If you have this problem, reading one of these books may give you more insight:

Rowan, John. Discover Your Subpersonalities: Our Inner World and the People in It. Routledge, 2013. Our stream of consciousness includes messages to direct our own actions—but what voice has the floor? It can be useful to look at conscious thought as an agora where internal subpersonalities struggle to be heard and control our actions. This can be especially helpful when a subpersonality that represents the overprotective or oppressive parental voice is identifiable and is distorting the thinking of the child in adulthood.

Stone, Hal, and Stone, Sidra. Embracing Your Inner Critic: Turning Self-Criticism into a Creative Asset. [San Francisco]: HarperSanFrancisco, 1993. 


Death by HR: How Affirmative Action Cripples OrganizationsDeath by HR: How Affirmative Action Cripples Organizations

[From Death by HR: How Affirmative Action Cripples Organizations,  available now in Kindle and trade paperback.]

The first review is in: by Elmer T. Jones, author of The Employment Game. Here’s the condensed version; view the entire review here.

Corporate HR Scrambles to Halt Publication of “Death by HR”

Nobody gets a job through HR. The purpose of HR is to protect their parent organization against lawsuits for running afoul of the government’s diversity extortion bureaus. HR kills companies by blanketing industry with onerous gender and race labor compliance rules and forcing companies to hire useless HR staff to process the associated paperwork… a tour de force… carefully explains to CEOs how HR poisons their companies and what steps they may take to marginalize this threat… It is time to turn the tide against this madness, and Death by HR is an important research tool… All CEOs should read this book. If you are a mere worker drone but care about your company, you should forward an anonymous copy to him.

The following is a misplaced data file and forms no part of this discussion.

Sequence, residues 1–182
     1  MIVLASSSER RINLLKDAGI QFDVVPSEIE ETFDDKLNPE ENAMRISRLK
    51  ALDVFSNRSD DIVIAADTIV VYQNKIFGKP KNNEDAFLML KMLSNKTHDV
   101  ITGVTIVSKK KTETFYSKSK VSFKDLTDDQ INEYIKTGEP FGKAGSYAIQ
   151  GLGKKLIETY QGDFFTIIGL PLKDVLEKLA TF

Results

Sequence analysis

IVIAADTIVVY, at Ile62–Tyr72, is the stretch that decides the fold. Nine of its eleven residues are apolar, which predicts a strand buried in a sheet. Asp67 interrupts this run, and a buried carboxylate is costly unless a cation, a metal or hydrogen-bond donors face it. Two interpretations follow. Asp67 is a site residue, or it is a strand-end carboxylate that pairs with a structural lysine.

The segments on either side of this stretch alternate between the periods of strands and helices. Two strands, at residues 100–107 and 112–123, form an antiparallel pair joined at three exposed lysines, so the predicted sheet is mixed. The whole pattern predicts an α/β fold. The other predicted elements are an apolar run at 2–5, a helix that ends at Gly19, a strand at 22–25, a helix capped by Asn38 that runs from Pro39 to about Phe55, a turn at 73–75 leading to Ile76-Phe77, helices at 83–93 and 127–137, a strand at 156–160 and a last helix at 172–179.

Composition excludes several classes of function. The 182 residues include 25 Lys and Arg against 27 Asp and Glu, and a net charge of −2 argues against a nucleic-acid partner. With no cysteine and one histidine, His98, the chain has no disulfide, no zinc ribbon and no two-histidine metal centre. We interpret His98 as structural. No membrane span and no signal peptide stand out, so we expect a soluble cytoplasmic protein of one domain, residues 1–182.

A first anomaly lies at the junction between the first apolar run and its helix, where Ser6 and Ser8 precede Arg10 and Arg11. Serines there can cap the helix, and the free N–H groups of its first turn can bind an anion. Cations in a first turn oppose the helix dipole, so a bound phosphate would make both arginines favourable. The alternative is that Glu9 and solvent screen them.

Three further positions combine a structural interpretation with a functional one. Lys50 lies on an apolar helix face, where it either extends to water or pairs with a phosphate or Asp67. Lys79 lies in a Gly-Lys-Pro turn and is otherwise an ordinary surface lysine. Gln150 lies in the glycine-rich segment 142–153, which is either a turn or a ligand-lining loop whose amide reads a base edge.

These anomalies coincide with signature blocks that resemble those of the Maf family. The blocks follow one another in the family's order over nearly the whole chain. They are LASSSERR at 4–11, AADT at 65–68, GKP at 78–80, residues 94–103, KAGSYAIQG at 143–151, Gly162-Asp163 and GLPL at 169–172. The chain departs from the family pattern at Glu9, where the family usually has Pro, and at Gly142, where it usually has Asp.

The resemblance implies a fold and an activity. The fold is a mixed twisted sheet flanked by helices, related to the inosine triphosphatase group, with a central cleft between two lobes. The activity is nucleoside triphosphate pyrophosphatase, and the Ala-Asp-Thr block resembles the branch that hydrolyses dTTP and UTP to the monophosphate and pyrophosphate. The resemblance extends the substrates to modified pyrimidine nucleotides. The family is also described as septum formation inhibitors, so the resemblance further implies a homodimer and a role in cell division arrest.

More on Attachment and Personality Types:

What Attachment Type Are You?
Type: Secure
Type: Anxious-Preoccupied
Type: Dismissive-Avoidant
Type: Fearful-Avoidant (aka Anxious-Avoidant)
Avoidant: Emotions Repressed Beneath Conscious Level
Serial Monogamy: the Fearful-Avoidant Do It Faster
Anxious-Preoccupied: Stuck on the Dismissive?
Anxious-Preoccupied / Dismissive-Avoidant Couples: the Silent Treatment
nxious-Preoccupied: Clingy and Insecure Relationship Example
Domestic Violence: Ray and Janay Rice
Malignant Narcissists
Teaching Narcissists to Activate Empathy
Histrionic Personality: Seductive, Dramatic, Theatrical
Life Is Unfair! The Great Chain of Dysfunction Ends With You.
Love Songs of the Secure Attachment Type
On Addiction and the Urge to Rescue
Sale! Sale! Sale! – “Bad Boyfriends” for Kindle, $2.99
Controlling Your Inner Critic: Subpersonalities
“Big Bang Theory” — Aspergers and Emotional/Social Intelligence
Porn Addiction and NoFAP
Introverts in Management